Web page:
India's top order set the table, and two of Australia's familiar tormenters tucked in to leave the home side five wickets away from a crushing win, and the series lead, against the No. 1 side in the world. Gautam Gambhir scored his second century - and first at home - while Virender Sehwag and Mahendra Singh Dhoni raced to half-centuries to set Australia a mammoth 516 in a little over four sessions.
To drive home their advantage, India dismissed Australia's openers in the last over before tea, tore the heart out of their middle order, and had them haemorrhaging at 141 for 5 . Harbhajan Singh, who took 3 for 23, and Ishant Sharma had once again turned on the heat when India needed it most.
Australia had launched a spirited chase for seven overs, racing to 49, but Harbhajan's double-wicket over before tea stunned them. Matthew Hayden, who had begun in one-day mode, tried to sweep and was lbw for 29. Three balls later Simon Katich, losing his composure, threw his bat at a flighted delivery and was superbly caught by Sachin Tendulkar, who had to dive forward to take the catch inches off the grass. The wickets had come in Harbhajan's first over, an inspired bowling change by Dhoni after the new-ball bowlers had been expensive.
Harbhajan tossed it up more than usual but a shooter brought him his third wicket soon after tea. The length was short and the ball skidded through to Michael Hussey who suffered from poor shot selection: he tried to pull but was hit plumb in front. The wicket sparked manic celebrations in Mohali for it was Harbhajan's 299th.
The decisive blow came in the next over. Ricky Ponting was new to the crease and his feet hadn't even started moving when his off stump was flattened by Ishant Sharma who found the bat-pad gap with a full ball. It was the third time that Sharma had dismissed Ponting in the series, and the fifth overall. Shane Watson was the next to go, hit in front by one that nipped into him from Ishant, and was the fifth wicket to fall in the space of nine runs. Ishant achieved significant movement both in the air and off the pitch and had 2 for 29 to show for his efforts.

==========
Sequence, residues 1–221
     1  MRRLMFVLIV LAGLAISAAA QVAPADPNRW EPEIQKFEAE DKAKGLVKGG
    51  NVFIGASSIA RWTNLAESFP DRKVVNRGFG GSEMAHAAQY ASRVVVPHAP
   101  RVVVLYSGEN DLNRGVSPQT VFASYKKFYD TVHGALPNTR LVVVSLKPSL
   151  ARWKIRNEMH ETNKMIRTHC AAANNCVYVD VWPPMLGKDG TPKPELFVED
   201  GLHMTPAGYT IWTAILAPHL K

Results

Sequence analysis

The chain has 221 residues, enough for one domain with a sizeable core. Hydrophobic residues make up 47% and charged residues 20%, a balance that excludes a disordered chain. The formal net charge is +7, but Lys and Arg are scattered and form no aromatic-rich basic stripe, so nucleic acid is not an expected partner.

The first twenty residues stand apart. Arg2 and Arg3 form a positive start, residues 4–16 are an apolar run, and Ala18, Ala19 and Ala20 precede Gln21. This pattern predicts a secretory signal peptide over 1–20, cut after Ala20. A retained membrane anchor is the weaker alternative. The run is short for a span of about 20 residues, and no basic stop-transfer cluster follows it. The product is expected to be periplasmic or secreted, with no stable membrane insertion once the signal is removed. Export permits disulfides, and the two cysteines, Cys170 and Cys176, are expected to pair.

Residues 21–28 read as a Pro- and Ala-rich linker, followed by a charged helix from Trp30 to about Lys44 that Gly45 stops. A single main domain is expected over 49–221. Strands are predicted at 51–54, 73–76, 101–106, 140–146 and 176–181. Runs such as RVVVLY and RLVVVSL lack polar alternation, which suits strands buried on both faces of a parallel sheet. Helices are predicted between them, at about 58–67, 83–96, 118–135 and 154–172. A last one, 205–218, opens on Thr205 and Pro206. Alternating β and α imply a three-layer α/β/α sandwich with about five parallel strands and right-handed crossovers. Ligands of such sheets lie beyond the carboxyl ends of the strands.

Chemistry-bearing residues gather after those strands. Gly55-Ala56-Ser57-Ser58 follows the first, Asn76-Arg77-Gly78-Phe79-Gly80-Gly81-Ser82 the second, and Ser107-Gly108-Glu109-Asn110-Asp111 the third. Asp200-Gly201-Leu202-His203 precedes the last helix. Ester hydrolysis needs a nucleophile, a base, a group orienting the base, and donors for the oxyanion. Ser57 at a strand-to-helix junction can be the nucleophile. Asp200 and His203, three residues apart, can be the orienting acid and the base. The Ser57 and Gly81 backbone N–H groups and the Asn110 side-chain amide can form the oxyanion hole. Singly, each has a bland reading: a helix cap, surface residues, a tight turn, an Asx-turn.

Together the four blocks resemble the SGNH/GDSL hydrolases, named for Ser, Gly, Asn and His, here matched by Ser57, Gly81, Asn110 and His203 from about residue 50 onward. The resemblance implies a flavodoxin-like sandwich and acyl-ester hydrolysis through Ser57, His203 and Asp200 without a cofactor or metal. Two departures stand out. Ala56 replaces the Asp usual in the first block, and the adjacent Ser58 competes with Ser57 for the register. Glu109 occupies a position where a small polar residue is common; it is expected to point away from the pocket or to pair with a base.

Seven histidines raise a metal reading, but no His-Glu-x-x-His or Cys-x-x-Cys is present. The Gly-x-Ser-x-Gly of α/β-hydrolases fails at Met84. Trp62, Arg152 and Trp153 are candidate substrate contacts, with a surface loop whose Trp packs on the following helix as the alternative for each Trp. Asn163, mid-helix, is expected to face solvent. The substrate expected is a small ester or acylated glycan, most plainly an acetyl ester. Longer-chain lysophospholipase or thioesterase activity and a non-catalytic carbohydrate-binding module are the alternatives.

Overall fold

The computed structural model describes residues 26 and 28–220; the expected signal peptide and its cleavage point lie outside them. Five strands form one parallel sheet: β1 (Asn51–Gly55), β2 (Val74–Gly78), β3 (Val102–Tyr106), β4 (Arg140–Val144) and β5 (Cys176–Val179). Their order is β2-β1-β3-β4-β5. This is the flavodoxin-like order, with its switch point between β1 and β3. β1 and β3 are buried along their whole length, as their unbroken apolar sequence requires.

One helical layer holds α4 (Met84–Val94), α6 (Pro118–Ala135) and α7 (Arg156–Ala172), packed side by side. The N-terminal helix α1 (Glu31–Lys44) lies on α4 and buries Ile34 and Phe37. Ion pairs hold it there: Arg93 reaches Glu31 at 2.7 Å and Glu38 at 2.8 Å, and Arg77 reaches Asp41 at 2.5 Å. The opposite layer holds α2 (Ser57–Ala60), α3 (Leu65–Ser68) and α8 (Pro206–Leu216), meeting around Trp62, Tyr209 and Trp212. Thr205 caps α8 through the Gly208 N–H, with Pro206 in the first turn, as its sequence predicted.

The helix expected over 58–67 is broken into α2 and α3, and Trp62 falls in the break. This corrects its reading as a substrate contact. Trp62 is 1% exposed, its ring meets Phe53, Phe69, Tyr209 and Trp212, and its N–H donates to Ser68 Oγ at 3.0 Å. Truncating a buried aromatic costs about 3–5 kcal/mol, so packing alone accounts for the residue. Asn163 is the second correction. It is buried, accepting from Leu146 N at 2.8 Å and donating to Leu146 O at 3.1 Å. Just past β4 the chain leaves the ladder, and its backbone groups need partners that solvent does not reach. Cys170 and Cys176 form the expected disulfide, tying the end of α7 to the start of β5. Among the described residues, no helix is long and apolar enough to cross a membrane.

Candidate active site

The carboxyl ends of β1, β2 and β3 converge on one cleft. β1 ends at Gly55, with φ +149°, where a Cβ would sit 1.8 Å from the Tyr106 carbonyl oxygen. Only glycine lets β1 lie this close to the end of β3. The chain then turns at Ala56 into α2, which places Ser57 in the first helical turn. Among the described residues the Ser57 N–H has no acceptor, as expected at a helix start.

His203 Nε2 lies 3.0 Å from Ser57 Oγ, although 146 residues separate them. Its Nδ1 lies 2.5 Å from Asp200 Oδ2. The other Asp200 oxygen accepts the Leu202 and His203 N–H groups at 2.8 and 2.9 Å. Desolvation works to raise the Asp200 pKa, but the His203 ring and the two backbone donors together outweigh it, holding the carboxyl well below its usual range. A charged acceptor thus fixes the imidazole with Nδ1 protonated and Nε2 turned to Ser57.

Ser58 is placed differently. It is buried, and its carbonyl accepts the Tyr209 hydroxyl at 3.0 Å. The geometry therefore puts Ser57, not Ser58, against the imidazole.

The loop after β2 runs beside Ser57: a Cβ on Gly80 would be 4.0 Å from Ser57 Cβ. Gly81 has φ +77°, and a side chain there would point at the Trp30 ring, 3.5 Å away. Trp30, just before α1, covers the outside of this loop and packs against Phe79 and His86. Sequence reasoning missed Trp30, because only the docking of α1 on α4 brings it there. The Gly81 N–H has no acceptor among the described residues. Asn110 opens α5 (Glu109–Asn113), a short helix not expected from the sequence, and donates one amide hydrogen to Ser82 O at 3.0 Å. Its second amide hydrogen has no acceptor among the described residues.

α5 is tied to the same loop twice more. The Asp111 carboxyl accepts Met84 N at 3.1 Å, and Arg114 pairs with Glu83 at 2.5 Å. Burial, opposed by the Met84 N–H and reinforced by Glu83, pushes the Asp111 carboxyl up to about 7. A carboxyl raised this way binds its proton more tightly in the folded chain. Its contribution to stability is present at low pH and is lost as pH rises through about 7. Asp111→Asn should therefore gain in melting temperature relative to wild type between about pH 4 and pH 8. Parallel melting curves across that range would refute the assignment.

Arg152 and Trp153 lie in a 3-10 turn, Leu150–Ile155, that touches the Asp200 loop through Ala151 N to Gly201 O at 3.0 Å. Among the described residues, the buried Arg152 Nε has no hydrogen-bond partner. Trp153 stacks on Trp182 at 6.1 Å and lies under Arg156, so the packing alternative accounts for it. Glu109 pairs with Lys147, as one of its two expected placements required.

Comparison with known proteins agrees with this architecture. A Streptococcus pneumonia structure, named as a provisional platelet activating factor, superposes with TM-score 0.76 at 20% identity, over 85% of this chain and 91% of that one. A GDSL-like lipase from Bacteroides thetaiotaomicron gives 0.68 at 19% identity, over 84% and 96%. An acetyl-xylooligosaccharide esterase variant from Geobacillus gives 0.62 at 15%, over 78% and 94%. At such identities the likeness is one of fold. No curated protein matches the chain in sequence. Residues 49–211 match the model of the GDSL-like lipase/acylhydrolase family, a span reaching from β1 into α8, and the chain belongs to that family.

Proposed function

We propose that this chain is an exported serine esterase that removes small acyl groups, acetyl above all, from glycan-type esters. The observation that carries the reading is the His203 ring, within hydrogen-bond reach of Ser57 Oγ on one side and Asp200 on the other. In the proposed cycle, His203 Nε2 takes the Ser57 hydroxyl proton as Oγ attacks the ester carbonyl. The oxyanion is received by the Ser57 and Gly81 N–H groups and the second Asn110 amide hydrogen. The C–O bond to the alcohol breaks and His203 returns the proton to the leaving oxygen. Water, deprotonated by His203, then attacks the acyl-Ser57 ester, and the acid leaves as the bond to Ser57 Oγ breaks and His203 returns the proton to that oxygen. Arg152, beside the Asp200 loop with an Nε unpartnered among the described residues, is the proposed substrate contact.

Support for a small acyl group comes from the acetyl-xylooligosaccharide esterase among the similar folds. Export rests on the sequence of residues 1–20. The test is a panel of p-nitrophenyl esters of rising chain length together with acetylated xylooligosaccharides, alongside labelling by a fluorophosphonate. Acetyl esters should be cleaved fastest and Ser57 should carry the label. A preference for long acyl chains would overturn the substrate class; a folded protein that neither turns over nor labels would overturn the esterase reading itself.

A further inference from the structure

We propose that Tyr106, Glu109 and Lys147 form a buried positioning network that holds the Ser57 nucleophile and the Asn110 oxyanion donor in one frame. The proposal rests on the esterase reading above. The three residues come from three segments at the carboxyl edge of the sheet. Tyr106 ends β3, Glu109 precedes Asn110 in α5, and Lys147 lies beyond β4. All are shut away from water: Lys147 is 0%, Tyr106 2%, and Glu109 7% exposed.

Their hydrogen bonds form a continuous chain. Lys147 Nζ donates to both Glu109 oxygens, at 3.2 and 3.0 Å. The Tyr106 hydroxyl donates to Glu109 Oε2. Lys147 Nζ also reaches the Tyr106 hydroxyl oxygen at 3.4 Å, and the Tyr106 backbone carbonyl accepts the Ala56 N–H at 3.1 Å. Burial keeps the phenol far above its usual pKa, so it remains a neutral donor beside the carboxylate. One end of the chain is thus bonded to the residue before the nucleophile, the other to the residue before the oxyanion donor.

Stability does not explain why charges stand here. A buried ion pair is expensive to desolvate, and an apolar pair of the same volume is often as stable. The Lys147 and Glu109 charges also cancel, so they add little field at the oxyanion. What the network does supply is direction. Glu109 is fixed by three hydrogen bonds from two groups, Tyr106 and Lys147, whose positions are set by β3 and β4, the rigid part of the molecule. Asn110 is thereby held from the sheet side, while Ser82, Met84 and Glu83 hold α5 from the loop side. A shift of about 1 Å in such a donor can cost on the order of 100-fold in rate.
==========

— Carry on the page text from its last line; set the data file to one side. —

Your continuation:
A dogged 83-run partnership in 29.3 overs between Michael Clarke and Brad Haddin denied India any more success, but there was no denying who's day it was.
Unlike the Indians, Australia's bowlers could find no assistance in the pitch and struggled to contain the batsmen as they pursued quick runs. When play began, Gambhir and Sehwag made sure the platform built over three days was not wasted. Both openers found the gaps in the field with ease because Ponting had several men on the boundary.
Gambhir was fortunate to survive a thick edge off Cameron White, which brushed the wicketkeeper's pads and was spilled by Hayden at slip, but there was nothing fortuitous about a twinkle-toed six off the legspinner which sailed over long-on. The ball didn't always come onto Sehwag's bat but he repeatedly tried to whip it between midwicket and mid-on. Apart from the powerful shots, Sehwag and Gambhir also dropped the ball with soft hands and ran swiftly between the wickets. Sehwag fell with a rare second-innings hundred in his sights, edging Peter Siddle to Haddin on 90.
India held Rahul Dravid back and Dhoni walked in at No 3 to continue the morning's aggression. He ran hard and hit the ball even harder. His unbeaten 68 was his second half-century of the match.
Gambhir's previous best in India was 96 against South Africa in 2004, and the wait for a hundred ended with a lavish clip past mid-on for four. However, he chipped White to mid-off soon after reaching his hundred but had ensured India's advantage. Dhoni added 66 with Sourav Ganguly, who was last out for 27, after the lead passed 500.
Australia have been set a target of 500 or more on six occasions and they've lost each time. With only five wickets in hand, the odds are in favour of a seventh.